13.1 The sub-contractor will (unless the schedule hereto provides to the contrary) be paid within 14 days after payment or deemed payment of the main contractor by the employer following certification by the architect of the amounts paid or deemed to be paid to the main contractor and accordingly due to the sub-contractor in all respects in accordance with cll 30(1) and (2) and 31 of the main contract conditions.

13.2 In so far as the architect may decide the amounts due to the sub-contractor and any matter of defence, set-off or counterclaim as between the parties to this sub-contract for the purposes of determining the amounts to be certified for payment by him in the main contract pursuant to cl 30(1) of the main contract conditions, or any matters of extension of time and delay under cl 11(2) of this sub-contract, such decisions and certificates shall be binding until final judgment or award in any dispute between the parties to this sub-contract.

6 The defendants based their application for a stay on cl 14.1 of the sub-contract, which says that:

Any dispute between the parties hereto as to any matter arising under or out of or in connection with this sub-contract or under or out of or in connection with the sub-contract works or as to any certificate decision direction or instruction of the architect, shall be referred to the arbitration … .

7 If the defendants have a claim against the plaintiffs, there is nothing in the main contract or the sub-contract that would prevent them from prosecuting it. The question to be determined in these proceedings is whether they can set off their claim against the certified payments before the claim is proved.

8 Clause 30(1)(b) of the main contract states clearly that the architect “may (but shall not be obliged to)” take into account any dispute, claim, set-off, defence or counterclaim of the contractor when issuing an interim certificate under cl 30(1)(a). If he takes it into account, the certificate he issues shall state any sum deducted, taken into account, allowed or disallowed. However, the architect’s discretion is not unfettered. He is not allowed to take into account any claim by the contractor unless it “shall also be in principle recoverable by the contractor from the employer or by the employer for the contractor under or by virtue of any provision of this contract”. The architect’s power is explained in the “Guidance Notes on Singapore Institute of architects Articles and Conditions of Building Contract and Conditions of Sub-Contract”, in para 8, where it says:

In his certificates for payment to the main contractor, the architect is also empowered to take account of matters of claim and cross-claim between main contractor and sub-contract in carefully defined cases (cl 30(1)), wherever these will affect the amount to be certified under the main contract. In this area, again, the architect’s certificates will carry ‘temporary finality’ not only as between the employer and main contractor, but also, if the new short form of standard sub-contract is used, as between the main contractor and sub-contractor, until final judgment or award in any dispute between them. The only exception to this will be in the case of ‘purely private’ quarrels between the main contractor and sub-contractor, not affecting the sums to be certified under the main contract, as to...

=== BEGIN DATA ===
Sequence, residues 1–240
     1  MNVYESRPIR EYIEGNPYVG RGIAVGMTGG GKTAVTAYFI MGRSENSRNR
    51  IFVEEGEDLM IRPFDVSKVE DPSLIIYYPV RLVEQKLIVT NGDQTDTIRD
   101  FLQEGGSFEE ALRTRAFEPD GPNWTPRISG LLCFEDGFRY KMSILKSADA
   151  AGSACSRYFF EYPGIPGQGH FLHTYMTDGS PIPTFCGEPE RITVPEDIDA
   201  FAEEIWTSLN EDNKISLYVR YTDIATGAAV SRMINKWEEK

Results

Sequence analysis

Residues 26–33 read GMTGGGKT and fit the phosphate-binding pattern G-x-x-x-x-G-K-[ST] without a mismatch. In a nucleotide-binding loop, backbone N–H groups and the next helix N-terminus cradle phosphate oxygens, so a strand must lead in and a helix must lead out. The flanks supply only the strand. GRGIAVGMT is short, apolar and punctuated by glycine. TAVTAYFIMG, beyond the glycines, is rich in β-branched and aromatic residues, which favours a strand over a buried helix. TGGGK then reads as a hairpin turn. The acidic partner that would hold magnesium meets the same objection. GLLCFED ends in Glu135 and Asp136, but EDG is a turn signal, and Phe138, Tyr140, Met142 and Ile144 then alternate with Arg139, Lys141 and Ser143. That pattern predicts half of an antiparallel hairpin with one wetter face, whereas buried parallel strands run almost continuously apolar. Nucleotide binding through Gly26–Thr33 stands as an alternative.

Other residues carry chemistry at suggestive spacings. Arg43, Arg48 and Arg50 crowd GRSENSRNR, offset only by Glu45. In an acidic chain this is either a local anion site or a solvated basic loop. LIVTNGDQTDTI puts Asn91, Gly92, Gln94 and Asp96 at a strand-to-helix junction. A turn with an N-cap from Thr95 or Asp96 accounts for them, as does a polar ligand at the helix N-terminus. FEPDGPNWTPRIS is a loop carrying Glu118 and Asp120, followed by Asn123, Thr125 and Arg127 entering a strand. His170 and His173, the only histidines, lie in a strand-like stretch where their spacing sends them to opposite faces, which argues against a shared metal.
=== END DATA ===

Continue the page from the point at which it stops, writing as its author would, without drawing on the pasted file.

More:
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6 cases
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    ... ... The plaintiffs were sub-contractors in a building project in which the defendants were the main contractors ... This depended on the construction of cll 11(b) [which corresponds to our cl 12(b)] and 13 of ... position taken in this regard by Kan Ting Chiu J in Aurum Building Services (Pte) Ltd v Greatearth Construction Pte ... ...
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    ...v Hyundai Engineering & Construction Co Ltd [1988] 1 SLR(R) 1, Aurum Building Services (Pte) Ltd v Greatearth Construction Pte Ltd [1994] 2 SLR(R) 805, and Coop International Pte Ltd v Ebel SA [1998] 1 SLR(R) 615). Yet another example would be the decision in Shunmugam Jayakumar and others ......
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2 books & journal articles
  • Arbitration
    • Singapore
    • Singapore Academy of Law Annual Review No. 2005, December 2005
    • 1 December 2005
    ...International (Pte) Ltd v Lim Eng Hock Peter[1997] 1 SLR 241; Aurum Building Services (Pte) Ltd v Greatearth Construction Pte Ltd[1994] 3 SLR 330; and Uni-Navigation Pte Ltd v Wei Loong Shipping Pte Ltd[1993] 1 SLR 876. 3.2 A more enlightened approach appears to have been taken in the decis......
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    • Singapore Academy of Law Journal No. 2000, December 2000
    • 1 December 2000
    ...Aoki Corporation v Lippoland (Singapore) Pte Ltd(1995) 2 SLR 609 31 See Aurum Building Services Pte Ltd v Greatearth Construction Pte Ltd(1994) 3 SLR 330. 32 Paragraph 2 Part 1 of Guidance Notes entitled “Architect’s Powers” issued in conjunction with the first edition of the SIA Main Contr......